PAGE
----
They are, after all, called hedge funds. And for all their bad publicity in 2008 for not properly protecting themselves and for disappointing their shareholders, hedge funds on average only lost about half as much as the typical stock fund. They are indeed lower-risk securities, as a whole, during stock bear markets. 

On slightly firmer ground is the notion that hedge funds are for accredited investors and 401(k) plans are not. Not in a legal sense (oh dear, and I did promise, too), as registered mutual funds are permitted to hold a certain percentage of their assets in accredited investments, and I suspect that custom funds are permitted even more. One can argue, however, whether it is appropriate for funds that are valued daily to hold so much of their assets in securities that are valued less frequently.

That would seem to be an investment question rather than a legal issue, however.

2)    Asset-allocation models
As we have seen, the asset allocations used in Intel’s custom funds do not “depart dramatically from prevailing standards employed by professional investment managers.” They are, in fact, constructed in the spirit of the nation’s most highly regarded professional investment manager, albeit in a somewhat watered-down form.

They do, however, depart dramatically from the prevailing standards that are used for participant accounts in defined-contribution plans. In that, the lawsuit’s allegation is correct. Whether it is appropriate for 401(k) accounts, which are generally intended to be held for several decades but that might rolled over at any time, to emulate endowment portfolios that have indefinitely long time horizons is a worthy discussion. It seems to me once again more of an investment concern than a legal concern.

3)    High cost
This item surprised me.

Giant companies usually create custom funds for their 401(k) plans with the idea of saving money. They can use their volume to negotiate better fees from money managers. Such was very much not the case with Intel’s custom funds, though. According to the filing, Intel’s target-date funds had annual expense ratios of about 1.3%. That’s a very high figure for a large-company 401(k) plan! As the filing notes, those numbers are 8 times higher than the fees charged by Fidelity’s index-based target-date funds.

Once again, I have no idea about the legal ramifications. Are fiduciaries legally liable for spending much more money on active management than they would have needed to spend for passive managers? Should they be? Beats me. But I am puzzled that Intel let the funds’ expenses creep that high.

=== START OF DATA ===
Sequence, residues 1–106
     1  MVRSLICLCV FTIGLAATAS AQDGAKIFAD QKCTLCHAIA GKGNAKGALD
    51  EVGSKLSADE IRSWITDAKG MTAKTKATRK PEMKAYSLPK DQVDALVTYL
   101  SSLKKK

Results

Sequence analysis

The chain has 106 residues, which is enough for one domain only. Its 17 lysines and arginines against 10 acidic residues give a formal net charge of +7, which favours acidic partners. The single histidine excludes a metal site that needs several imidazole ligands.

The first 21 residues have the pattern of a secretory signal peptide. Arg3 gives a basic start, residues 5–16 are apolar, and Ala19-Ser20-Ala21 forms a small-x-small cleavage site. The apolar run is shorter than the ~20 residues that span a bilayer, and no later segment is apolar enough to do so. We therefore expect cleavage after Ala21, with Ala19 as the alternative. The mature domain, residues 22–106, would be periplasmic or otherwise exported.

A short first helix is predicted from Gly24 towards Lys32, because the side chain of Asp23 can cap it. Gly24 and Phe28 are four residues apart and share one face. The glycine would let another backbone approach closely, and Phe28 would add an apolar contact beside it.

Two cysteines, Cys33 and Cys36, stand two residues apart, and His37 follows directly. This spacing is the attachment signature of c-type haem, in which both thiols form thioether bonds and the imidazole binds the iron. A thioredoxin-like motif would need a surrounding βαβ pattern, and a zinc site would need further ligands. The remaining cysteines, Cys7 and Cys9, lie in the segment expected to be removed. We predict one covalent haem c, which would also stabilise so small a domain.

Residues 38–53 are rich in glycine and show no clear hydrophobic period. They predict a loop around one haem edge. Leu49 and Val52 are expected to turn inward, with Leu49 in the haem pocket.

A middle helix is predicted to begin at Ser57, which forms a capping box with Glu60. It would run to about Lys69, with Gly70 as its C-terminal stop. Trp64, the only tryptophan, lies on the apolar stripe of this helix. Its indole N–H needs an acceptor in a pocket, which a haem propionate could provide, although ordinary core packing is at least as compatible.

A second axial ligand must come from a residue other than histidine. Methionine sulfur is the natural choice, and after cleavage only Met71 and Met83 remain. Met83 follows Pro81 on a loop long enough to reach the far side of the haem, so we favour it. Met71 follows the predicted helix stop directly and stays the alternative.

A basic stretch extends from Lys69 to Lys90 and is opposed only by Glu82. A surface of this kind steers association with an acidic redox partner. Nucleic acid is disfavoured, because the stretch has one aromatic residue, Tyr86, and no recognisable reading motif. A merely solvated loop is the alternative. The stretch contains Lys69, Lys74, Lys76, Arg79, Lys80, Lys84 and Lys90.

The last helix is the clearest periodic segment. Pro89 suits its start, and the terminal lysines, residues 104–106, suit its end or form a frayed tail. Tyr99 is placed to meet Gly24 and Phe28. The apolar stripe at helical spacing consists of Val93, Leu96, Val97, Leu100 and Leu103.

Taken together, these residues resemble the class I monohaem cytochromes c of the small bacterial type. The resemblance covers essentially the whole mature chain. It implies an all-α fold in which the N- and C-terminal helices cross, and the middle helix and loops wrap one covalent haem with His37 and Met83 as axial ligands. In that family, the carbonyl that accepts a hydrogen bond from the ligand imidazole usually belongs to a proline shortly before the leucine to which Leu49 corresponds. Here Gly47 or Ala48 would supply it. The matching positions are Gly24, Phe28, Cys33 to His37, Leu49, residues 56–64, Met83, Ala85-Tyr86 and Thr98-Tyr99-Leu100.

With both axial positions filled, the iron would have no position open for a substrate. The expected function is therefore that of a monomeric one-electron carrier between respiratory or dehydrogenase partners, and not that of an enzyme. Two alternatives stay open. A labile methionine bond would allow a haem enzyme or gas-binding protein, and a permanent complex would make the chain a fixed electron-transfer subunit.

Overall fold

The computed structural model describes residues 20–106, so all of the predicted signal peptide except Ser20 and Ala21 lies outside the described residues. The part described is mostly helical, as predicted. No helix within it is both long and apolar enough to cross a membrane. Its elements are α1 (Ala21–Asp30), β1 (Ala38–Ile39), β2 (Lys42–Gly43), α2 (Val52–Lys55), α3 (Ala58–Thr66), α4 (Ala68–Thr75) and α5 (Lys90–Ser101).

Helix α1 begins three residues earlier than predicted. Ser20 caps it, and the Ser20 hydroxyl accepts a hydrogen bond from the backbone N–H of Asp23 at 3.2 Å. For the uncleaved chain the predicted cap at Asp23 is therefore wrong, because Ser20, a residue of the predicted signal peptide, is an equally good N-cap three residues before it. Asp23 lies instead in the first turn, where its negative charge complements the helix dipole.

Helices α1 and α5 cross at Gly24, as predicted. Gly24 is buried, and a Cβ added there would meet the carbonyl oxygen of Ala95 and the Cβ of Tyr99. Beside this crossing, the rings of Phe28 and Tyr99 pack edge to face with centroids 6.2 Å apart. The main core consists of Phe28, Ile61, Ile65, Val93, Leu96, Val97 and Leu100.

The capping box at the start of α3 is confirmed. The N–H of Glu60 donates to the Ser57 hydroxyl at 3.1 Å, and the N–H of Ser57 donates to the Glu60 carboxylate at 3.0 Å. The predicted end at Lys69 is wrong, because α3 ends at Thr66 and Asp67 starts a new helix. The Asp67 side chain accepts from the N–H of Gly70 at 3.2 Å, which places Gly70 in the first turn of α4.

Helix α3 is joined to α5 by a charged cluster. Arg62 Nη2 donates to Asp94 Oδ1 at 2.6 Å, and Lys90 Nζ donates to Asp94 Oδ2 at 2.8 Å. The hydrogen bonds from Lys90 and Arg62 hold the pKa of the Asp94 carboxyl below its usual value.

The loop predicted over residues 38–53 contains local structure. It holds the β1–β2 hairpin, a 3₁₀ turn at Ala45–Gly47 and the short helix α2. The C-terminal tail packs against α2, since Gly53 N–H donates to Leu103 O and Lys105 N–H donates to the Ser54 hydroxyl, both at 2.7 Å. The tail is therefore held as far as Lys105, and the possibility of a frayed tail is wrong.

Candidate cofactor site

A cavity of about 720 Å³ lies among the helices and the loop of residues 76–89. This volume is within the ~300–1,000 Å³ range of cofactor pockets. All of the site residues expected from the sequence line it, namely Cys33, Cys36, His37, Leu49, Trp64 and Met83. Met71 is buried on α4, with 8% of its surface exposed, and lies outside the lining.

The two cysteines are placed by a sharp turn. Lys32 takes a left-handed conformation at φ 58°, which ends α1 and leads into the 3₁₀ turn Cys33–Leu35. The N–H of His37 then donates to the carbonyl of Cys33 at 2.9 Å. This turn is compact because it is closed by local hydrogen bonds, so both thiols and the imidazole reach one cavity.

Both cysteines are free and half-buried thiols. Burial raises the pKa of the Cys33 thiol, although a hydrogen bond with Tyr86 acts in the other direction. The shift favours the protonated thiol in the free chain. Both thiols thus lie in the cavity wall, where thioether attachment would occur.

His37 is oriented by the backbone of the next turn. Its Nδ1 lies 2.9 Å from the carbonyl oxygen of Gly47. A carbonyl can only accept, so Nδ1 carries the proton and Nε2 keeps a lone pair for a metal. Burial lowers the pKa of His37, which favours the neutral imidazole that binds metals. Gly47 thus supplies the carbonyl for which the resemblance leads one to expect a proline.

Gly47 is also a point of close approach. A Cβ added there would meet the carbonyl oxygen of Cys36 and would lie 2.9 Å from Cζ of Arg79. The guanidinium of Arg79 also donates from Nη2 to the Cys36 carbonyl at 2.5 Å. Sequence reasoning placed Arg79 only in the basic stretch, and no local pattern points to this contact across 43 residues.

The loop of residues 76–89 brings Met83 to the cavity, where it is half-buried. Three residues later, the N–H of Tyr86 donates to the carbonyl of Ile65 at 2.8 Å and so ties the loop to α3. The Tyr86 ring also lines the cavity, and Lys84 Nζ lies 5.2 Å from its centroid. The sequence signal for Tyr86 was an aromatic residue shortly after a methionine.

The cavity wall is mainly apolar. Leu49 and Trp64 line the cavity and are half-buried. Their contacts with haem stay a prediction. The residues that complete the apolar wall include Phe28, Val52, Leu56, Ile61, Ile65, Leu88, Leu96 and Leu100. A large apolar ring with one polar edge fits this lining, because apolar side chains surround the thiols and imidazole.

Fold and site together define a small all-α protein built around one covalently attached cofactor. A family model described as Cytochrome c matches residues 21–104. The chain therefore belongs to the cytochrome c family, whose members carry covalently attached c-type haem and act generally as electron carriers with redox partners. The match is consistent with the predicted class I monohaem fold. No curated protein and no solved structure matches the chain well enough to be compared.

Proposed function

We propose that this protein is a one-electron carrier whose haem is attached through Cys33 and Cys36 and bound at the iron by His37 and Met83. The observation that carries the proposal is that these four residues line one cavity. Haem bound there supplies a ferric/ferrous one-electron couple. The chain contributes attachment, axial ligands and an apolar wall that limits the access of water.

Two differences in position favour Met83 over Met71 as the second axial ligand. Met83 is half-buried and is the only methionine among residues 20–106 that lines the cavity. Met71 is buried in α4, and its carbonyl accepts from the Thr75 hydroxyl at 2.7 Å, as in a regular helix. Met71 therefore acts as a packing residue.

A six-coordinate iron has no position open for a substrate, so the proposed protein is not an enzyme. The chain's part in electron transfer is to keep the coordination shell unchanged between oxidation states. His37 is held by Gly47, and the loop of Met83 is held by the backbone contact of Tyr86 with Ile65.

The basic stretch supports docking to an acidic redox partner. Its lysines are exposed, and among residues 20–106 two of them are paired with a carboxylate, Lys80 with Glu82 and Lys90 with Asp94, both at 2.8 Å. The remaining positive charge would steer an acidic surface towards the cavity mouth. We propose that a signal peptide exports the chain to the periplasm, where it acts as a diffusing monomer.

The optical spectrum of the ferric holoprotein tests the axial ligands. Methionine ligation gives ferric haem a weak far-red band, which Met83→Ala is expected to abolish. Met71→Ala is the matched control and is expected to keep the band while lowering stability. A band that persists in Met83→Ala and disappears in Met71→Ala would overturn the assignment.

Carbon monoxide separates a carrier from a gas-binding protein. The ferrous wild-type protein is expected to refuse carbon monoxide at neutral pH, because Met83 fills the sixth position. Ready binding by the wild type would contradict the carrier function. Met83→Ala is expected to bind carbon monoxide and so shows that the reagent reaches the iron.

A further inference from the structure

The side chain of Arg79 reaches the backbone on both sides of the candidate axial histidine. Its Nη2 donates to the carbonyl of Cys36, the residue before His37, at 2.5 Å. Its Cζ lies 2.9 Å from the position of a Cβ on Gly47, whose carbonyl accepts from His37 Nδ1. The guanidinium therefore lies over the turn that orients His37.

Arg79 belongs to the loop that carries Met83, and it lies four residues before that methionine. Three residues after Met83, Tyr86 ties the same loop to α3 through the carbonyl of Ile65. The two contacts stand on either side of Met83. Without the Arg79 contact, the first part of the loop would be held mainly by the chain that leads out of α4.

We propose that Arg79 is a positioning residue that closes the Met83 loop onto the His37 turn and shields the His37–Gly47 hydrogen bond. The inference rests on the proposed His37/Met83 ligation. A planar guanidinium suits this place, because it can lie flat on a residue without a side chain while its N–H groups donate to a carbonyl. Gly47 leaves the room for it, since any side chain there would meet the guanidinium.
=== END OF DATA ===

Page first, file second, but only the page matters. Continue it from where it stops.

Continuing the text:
It would be instructive to compare those funds’ costs against the expenses paid by Yale on its endowment portfolio. Swensen talks about the importance of selecting the right hedge funds, at the right price, and uses his fund’s size to cut better deals from the investment manager. The Intel funds, while large, lack that level of heft.

Execution, Execution
As Morningstar’s former chief operating officer liked to say, “Ideas are easy, execution is hard.” (He didn’t have much use for ruminating columnists.) While this lawsuit, and Swensen’s reputation, stem from the ideas of asset allocation, the execution of the investment implementation also matters. According to Yale’s investment department, its endowment fund gained 17.4% per year on its foreign equities from the decade through June 30, 2015, as opposed to 9.0% for the benchmark! Its domestic stocks beat the index by just over 400 basis points per year.

If Intel had enjoyed similarly strong execution, its custom funds would likely have beaten their retail fund competitors, and the lawsuit likely would not have been filed. Our ex-COO, it would seem, had a point.

John Rekenthaler has been researching the fund industry since 1988. He is now a columnist for Morningstar.com and a member of Morningstar's investment research department. John is quick to point out that while Morningstar typically agrees with the views of the Rekenthaler Report, his views are his own.